Knecht Ruprecht (on the left) and Saint Nicholas
Knecht Ruprecht (on the left) and Saint Nicholas

Knecht Ruprecht (German pronunciation: [ˌknɛçtˈʁuː.pʁɛçt] (audio speaker iconlisten); English: Farmhand Rupert, Servant Rupert or Farmhand Robert, Servant Robert) is a companion of Saint Nicholas as described in the folklore of Germany. He first appears in written sources in the 17th century, as a figure in a Nuremberg Christmas procession.[1]: 155 

Background

The companions of Saint Nicholas are a group of closely related figures who accompany Saint Nicholas in territories formerly in the Holy Roman Empire or the countries that it influenced culturally.[2]: 146  These characters act as a foil to the benevolent Christmas gift-bringer, threatening to thrash or abduct disobedient children. Jacob Grimm (in Deutsche Mythologie) associated this character with the pre-Christian house spirit (kobold, elf) which could be either benevolent or malicious, but whose mischievous side was emphasized after Christianization.[3]

Various traditions

Knecht Ruprecht is Saint Nicholas' most familiar attendant in Germany.[according to whom?] In the Mittelmark,[clarification needed] Knecht Ruprecht is known as Hans Ruprecht, Rumpknecht, but is also referred to as De hêle Christ ("The Holy Christ"), while in Mecklenburg he was called Rû Clås (Rough Nicholas).[2]: 146  In the Altmark and in East Friesland, he was known as Bûr and Bullerclås.[2]: 146  Knecht Ruprecht first appears in written sources in the 17th century, as a figure in a Nuremberg Christmas procession.[1]: 155  Samuel Taylor Coleridge encountered a Knecht Ruprecht character in a 1798 visit to Ratzeburg, a town in northern Germany, which he described as "outfitted in 'high buskins, a white robe, a mask, and an enourmous... wig'".[4]: 99  Ruprecht otherwise is described as wearing a black or brown robe with a pointed hood, and sometimes walking with a limp because of a childhood injury, or carrying a long staff and a bag of ashes, or occasionally wearing little bells on his clothes.[2]: 146  Sometimes he rides on a white horse, and sometimes he is accompanied—by men with blackened faces dressed as old women, or by fairies.[2]: 146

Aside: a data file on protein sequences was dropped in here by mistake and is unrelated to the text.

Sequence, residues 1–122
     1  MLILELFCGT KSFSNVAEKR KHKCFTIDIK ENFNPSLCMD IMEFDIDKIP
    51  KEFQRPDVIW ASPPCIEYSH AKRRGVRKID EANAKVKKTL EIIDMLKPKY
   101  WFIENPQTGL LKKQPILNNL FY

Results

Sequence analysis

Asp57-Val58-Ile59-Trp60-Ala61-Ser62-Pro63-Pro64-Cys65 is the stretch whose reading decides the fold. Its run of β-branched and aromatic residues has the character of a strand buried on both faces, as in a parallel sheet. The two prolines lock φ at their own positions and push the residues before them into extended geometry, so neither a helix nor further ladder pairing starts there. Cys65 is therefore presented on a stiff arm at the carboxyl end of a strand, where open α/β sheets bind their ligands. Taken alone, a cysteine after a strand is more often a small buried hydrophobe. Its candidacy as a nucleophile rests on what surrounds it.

According to Alexander Tille, Knecht Ruprecht originally represented an archetypal manservant, "and has exactly as much individuality of social rank and as little personal individuality as the Junker Hanns and the Bauer Michel, the characters representative of country nobility and peasantry respectively."[5] Tille also states that Knecht Ruprecht originally had no connection with Christmastime.[5] Ruprecht (one of German forms of Robert) was a common name for the Devil in Germany,[1]: 82  and Grimm states that "Robin Goodfellow is the same home-sprite whom we in Germany call Knecht Ruprecht and exhibit to children at Christmas...".[This quote needs a citation] According to some stories,[weasel words] Ruprecht began as a farmhand; in others, he is a wild foundling whom Saint Nicholas raises from childhood.[citation needed]